You Are How You Eat? Femininity, Normalization, and Veganism as an Ethical Practice of Freedom
3. Normative Femininity and Diet
4. Diet as a Practice of the Self
5. Ethical Practices of Freedom
6. Veganism as a Practice of Freedom
7.1. Vegetarianism is an Eating Disorder
7.2. Veganism and Healthism
The lesson I’ve learned, though, is that healthful choices can coexist peacefully—even synergistically—with ones that are (superficially, anyway) less healthful. My love of vegetables is not undone by the extra cups of coffee I drink when I know I’ve really had enough, the vegan treats that delight my senses, no matter how sweet they are, the late nights I sometimes spend out or listening to music or chatting with friends when sleep might be more prudent. My life can accommodate all of those pleasurable moments, and many more.
Conflicts of Interest
References and Notes
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- 1I will use “eating”, and sometimes “diet”, as short hand for alimentary practices throughout the paper.
- 2This phrasing may be misleading. It is necessary, on my view, to always be “practicing” ourselves into new identities or subjectivities rather than just practicing ourselves out of the ones we already have. In other words, we can’t just erase the unsavory identity and be left with nothing, or something neutral.
- 3This paper is not meant as an exhaustive consideration of the resistant (or normalizing) possibilities of veganism, nor as an exhaustive account of possible alimentary practices of freedom. It is also not meant to suggest that veganism is somehow a “cure” for disordered eating.
- 4Normalizing judgment explicitly gives standards a normative force—one should conform to, or at least work toward that standard. Once one has been identified in relation to the norm, one is called to compensate for one’s failings through better (or more) disciplinary practice. It is a personal failure to not do so; one must show one’s proper comportment and respect for the norm through engagement in disciplinary practices.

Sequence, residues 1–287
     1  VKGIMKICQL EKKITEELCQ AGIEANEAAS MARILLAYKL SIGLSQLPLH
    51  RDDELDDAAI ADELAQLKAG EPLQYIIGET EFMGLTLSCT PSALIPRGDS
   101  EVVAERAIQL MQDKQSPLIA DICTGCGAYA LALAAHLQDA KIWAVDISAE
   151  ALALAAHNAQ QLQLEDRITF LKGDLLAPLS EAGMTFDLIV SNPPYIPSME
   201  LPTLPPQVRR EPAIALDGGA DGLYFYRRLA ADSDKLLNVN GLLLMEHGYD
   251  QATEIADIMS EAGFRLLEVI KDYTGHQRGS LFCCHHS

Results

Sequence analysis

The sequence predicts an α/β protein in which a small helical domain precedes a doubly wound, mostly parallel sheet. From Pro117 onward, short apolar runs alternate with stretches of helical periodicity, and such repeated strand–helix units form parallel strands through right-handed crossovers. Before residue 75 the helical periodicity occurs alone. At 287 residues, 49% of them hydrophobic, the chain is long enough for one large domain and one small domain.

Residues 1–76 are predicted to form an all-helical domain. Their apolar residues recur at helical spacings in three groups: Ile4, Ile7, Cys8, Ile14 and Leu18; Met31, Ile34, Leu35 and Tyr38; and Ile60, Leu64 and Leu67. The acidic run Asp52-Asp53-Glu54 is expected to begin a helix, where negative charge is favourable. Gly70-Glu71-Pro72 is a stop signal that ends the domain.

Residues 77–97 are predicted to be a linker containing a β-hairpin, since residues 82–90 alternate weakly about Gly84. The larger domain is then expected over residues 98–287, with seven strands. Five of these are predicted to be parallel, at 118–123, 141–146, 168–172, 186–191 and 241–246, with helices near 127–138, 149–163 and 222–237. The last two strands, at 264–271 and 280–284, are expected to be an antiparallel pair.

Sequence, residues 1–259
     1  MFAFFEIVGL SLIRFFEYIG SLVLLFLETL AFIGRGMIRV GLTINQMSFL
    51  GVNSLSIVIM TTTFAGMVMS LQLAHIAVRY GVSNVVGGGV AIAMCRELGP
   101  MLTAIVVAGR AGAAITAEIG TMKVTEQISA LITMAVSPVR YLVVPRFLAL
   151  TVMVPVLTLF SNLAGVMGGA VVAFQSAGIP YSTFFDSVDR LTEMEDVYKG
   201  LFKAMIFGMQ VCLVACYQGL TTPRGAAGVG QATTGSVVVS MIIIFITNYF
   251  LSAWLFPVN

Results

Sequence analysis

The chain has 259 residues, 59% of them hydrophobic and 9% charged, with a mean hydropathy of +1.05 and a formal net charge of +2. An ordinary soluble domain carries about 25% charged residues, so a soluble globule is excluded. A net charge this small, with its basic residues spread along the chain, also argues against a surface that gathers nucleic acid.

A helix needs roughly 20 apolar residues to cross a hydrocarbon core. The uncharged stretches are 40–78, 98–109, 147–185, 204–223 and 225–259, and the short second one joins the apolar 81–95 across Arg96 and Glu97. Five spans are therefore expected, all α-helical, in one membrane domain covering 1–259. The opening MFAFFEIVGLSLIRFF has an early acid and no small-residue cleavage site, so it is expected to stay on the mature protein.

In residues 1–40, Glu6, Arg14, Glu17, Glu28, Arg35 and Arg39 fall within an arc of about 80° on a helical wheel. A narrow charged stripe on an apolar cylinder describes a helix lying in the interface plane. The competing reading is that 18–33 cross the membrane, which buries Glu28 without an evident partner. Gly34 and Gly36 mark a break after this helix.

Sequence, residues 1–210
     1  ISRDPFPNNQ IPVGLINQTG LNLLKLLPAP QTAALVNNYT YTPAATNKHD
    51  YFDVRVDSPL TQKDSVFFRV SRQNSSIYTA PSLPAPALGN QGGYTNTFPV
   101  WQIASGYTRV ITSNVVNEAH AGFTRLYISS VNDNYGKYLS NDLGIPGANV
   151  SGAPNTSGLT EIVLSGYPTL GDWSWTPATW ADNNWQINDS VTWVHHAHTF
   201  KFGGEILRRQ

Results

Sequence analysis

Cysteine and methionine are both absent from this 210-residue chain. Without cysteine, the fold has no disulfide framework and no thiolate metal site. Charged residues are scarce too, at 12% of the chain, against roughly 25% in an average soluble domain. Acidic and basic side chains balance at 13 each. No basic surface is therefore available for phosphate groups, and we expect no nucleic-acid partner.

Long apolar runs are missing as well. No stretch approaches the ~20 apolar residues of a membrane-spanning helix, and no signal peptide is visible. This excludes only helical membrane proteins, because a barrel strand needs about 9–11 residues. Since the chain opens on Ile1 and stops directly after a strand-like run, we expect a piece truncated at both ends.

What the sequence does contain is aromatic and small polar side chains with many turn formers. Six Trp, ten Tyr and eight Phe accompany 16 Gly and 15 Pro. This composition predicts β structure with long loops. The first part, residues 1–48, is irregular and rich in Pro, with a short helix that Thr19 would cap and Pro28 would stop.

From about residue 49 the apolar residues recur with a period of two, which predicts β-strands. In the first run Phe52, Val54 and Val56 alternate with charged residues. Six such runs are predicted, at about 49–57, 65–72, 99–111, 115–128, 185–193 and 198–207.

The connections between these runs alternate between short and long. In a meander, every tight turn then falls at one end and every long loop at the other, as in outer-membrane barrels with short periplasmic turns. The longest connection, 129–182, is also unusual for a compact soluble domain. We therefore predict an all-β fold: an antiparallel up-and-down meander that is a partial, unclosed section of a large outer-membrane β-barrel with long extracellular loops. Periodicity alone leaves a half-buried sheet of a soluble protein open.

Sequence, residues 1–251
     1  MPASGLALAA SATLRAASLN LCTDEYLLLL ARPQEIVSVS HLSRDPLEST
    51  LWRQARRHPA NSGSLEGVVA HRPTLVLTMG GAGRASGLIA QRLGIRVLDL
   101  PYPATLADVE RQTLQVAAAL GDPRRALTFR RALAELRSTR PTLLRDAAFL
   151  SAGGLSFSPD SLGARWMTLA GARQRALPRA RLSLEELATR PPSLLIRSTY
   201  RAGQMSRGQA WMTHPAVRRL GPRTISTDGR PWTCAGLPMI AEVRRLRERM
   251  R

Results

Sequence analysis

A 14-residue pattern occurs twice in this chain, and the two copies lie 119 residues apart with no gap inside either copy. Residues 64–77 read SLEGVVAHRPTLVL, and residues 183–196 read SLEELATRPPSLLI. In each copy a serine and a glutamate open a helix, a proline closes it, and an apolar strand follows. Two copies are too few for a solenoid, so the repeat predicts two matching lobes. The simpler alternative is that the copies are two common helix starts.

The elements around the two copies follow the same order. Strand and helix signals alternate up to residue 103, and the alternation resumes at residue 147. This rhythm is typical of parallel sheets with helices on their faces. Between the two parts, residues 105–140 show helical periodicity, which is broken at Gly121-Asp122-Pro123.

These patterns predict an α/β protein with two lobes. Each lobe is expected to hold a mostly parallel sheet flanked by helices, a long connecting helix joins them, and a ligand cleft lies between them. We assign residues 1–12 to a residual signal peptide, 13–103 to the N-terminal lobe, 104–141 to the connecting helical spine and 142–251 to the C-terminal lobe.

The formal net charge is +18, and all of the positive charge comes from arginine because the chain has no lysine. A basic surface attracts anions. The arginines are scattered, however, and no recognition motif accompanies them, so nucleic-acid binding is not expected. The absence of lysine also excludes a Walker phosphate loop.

- 5It at the same time serves to pathologize anyone who cannot, or does not, become who they “really” are. As Heyes  points out, identities form around recalcitrant failures to meet the norm, as with the institution of homosexuality as an identity. Once this happens, a normalizing structure is deployed within this “abnormal” identity as well. On another note, although masculinity is also a norm, its content is much different from the feminine (cf., ) and the effects of those engaged in the normative project of masculinity are much different. If men achieve masculinity, they have real world power; but as Bartky  tells us, a woman who achieves normative femininity is still only just a woman.
- 6One example of normative feminine gestures and comportments is the way women sit in a closed, tightly compact way, taking up as little space as possible. The ornamentation of the feminine body includes the way the body smells, the smoothness and hairlessness of the skin, and facial features like rosy cheeks and long eyelashes which, if not “gifted” by nature, must be approximated with cosmetic techniques or procedures. Women are beholden to norms in all three of these areas; a “hot body” with the wrong clothes, a sweaty smell, or a unibrow fails to achieve normative femininity, just as the fat person with the pretty face.
- 7It is important to distinguish this framework from a means/ends structure of motivation. Intentions are relevant, but the ethical framework should be identifiable from the “outside”. It is not simply what the person claims to be doing but what makes the practice possible and intelligible in a more general sense.
- 8Cf.,  (p. 9).
- 10Bartky claims that the norms of femininity are “impossible to realize, requiring as they do a virtual transcendence of nature”  (p. 80), generating experiences of constant bodily failure. The experience of failure inspires further engagement in disciplinary practices, seemingly the only options to mitigate the suffering following from such failure. Hence, as Bartky says, “the compulsive or even ritualistic character” of these practices  (p. 72).